Process matters. Are you a “win all” type negotiator implying win everything at all costs? That is, you win and they lose. By contrast, are you a win-win negotiator oriented towards expanding the pie negotiator so that both you and the other party can both do better? That is focusing on mutual gains.
I recently finished the book, When, The Scientific Secrets of Perfect Timing, by Daniel H. Pink and then I conducted some additional research on this topic. The commentary that follows is put together in an effort to help you think about timing and how this can impact your and others’ stress and productivity. It also has a direct impact on the bottom line. This also ties into my primary focus on overcoming conflict with collaboration.
When we are angry, we flood our body with various chemicals and hormones. That can be very negative in a business setting. This article addresses how to address anger or sadness in a negotiation.
What are the influences that persuade us to change our minds? Tali Sharot is the author of a new book entitled The Influential Mind: What the Brain Reveals About Our Power to Change Others . She offers some great ideas. She suggests seven key thoughts on this topic that I found very insightful. I thought you may find these interesting too.
In some negotiations it seems like the deal will never close. This can be a technique used by one side to wear down the participants of the other side, it could be the result of factors beyond the control of participants or something else that you may never know. This commentary addresses such a situation, when you need or want to close the deal and the other side does not. What should you do? This article addresses this question.
Sometimes both parties agree to disagree, but it can be possible for the parties to come up with a contingency agreement to memorialize perspectives and set up the parties for success in the future. This commentary addresses this type of situation. This may essentially be a bet on the future that both parties can live with going forward.
How about the IRS?
Often when two parties are in a conflict with one another, one party feels more aggrieved than another. At other times the conflict is symmetric and both parties feel equal coming into a negotiation. This commentary addresses how to evaluate the situation when the situation is asymmetric and what can be done when one party feels very aggrieved and the other does not share in this perception.
Focusing on conflict resolution and collaboration I have found one of the keys for decision makers to make great decisions has to do with having enough sleep. This blog provides two very good resources for you if you are having trouble getting enough sleep. With the right amount of sleep, you will be less irritable, and you will be able to see the world in a more positive light. This can lead to less conflict and help you see more opportunities for collaboration.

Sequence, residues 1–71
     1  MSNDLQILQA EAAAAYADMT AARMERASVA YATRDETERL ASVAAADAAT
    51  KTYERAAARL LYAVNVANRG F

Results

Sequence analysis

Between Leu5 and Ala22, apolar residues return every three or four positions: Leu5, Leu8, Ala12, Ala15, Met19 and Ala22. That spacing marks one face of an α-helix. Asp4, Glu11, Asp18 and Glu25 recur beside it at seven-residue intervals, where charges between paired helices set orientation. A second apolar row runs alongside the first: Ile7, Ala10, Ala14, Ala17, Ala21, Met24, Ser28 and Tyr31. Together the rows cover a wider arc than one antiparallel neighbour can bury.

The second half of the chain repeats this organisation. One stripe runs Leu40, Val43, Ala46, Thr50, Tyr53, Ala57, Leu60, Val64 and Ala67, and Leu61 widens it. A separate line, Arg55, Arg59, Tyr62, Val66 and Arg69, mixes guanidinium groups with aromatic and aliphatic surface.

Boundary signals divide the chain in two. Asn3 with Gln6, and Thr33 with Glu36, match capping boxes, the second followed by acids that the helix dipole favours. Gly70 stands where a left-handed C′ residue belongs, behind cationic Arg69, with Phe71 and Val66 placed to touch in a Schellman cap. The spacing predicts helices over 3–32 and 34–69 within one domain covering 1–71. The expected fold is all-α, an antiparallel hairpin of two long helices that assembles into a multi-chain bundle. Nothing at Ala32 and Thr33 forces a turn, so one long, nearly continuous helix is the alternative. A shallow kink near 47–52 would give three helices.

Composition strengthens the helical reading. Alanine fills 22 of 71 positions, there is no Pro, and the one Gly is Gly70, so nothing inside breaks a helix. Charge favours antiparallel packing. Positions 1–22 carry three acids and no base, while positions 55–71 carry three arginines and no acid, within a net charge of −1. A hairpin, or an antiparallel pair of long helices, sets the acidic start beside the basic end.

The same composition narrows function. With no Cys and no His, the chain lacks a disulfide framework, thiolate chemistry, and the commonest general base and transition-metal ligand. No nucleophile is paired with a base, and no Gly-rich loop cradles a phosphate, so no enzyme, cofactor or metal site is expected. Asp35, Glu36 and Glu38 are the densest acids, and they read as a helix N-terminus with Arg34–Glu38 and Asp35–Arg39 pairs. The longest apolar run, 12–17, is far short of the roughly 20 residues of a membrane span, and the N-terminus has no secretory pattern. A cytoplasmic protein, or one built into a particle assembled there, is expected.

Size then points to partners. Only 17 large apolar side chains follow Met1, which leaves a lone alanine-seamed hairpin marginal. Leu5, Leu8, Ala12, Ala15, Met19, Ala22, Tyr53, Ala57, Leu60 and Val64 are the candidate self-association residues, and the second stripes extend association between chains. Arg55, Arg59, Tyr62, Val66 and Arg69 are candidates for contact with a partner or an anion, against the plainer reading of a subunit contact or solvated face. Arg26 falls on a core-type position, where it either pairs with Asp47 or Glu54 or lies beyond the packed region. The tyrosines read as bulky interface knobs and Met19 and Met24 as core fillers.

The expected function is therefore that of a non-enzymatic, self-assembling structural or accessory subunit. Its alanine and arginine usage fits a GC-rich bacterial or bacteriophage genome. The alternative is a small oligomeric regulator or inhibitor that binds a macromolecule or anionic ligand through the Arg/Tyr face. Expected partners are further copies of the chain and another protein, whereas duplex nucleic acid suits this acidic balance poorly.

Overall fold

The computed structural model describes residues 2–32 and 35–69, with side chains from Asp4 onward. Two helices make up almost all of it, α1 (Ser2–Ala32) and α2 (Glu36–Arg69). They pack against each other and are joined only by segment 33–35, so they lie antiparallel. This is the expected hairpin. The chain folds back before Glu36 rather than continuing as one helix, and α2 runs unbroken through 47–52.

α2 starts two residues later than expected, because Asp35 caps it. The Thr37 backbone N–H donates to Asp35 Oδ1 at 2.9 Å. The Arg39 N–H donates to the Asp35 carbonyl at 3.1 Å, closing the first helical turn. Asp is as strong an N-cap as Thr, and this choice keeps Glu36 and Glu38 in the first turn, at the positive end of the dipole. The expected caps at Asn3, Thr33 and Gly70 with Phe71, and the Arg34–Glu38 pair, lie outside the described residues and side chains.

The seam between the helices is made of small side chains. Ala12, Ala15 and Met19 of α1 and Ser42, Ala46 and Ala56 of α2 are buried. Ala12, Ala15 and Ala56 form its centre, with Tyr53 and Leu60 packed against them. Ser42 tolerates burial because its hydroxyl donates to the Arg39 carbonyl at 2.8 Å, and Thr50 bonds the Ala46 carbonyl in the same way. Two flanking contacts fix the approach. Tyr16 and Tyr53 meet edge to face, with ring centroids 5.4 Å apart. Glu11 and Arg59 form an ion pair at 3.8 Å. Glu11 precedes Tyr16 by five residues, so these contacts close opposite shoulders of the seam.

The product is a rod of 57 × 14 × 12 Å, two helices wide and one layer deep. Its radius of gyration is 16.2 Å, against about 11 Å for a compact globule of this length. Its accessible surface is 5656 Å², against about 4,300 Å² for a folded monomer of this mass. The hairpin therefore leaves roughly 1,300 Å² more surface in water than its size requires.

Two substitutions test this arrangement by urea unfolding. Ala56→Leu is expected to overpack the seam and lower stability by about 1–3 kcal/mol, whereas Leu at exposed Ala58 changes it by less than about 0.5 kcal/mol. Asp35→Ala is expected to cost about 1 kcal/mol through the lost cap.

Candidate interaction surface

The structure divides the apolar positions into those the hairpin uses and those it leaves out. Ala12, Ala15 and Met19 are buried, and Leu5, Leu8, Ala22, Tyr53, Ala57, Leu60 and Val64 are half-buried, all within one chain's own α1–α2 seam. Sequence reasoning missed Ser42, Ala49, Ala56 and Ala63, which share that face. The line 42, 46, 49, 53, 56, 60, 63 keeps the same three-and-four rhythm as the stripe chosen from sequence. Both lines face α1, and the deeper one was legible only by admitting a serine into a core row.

Dispute resolution may begin with a negotiation, move into mediation and could eventually require arbitration or litigation. Generally, most negotiations move smoothly and do not need to escalate to the other levels. In other situations, the parties may move to one of the other levels immediately. The less expensive and the least time-consuming approach is the negotiation without having to escalate to one of the other levels.
Working with clients with issues at the IRS there are five steps to consider along the way. These are preparation, discussion, clarifying interests, negotiation, documentation of the agreement. These five elements are addressed in terms of an IRS negotiation. It is not always possible to have a wonderful negotiation, but these five steps can certainly increase the probability of success.
Two very real-world questions for you are: how should you dress for a negotiation, mediation, conflict resolution or a collaboration; and how may your dress influence the process?
How you dress may not really matter, but on the other hand dress may be very important. Whether it is or not here are some things to consider.
BATNA is an acronym for Best Alternative to a Negotiated Agreement. This article addresses the definition and how you can use it for a more effective negotiation, even with difficult people.
Generally, you know your starting point, called your position and you may be able to define the other side’s starting point, known as their position. Knowing two positions you have a range of possible alternatives not knowing anything else including interests.